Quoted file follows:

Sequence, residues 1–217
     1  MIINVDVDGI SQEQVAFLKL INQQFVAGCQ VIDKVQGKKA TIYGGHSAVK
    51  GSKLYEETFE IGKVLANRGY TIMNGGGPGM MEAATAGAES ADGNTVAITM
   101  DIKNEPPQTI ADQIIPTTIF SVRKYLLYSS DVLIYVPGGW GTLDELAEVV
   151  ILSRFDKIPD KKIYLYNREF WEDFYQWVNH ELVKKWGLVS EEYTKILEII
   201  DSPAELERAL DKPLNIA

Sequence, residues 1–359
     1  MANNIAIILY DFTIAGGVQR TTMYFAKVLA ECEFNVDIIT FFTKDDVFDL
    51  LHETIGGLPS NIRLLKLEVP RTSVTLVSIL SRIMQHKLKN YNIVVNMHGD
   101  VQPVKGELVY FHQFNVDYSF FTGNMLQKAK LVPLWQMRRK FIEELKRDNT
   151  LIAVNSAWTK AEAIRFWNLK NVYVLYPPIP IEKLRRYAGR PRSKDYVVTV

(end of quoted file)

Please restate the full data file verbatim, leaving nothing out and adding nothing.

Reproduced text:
Sequence, residues 1–217
     1  MIINVDVDGI SQEQVAFLKL INQQFVAGCQ VIDKVQGKKA TIYGGHSAVK
    51  GSKLYEETFE IGKVLANRGY TIMNGGGPGM MEAATAGAES ADGNTVAITM
   101  DIKNEPPQTI ADQIIPTTIF SVRKYLLYSS DVLIYVPGGW GTLDELAEVV
   151  ILSRFDKIPD KKIYLYNREF WEDFYQWVNH ELVKKWGLVS EEYTKILEII
   201  DSPAELERAL DKPLNIA

Sequence, residues 1–359
     1  MANNIAIILY DFTIAGGVQR TTMYFAKVLA ECEFNVDIIT FFTKDDVFDL
    51  LHETIGGLPS NIRLLKLEVP RTSVTLVSIL SRIMQHKLKN YNIVVNMHGD
   101  VQPVKGELVY FHQFNVDYSF FTGNMLQKAK LVPLWQMRRK FIEELKRDNT
   151  LIAVNSAWTK AEAIRFWNLK NVYVLYPPIP IEKLRRYAGR PRSKDYVVTV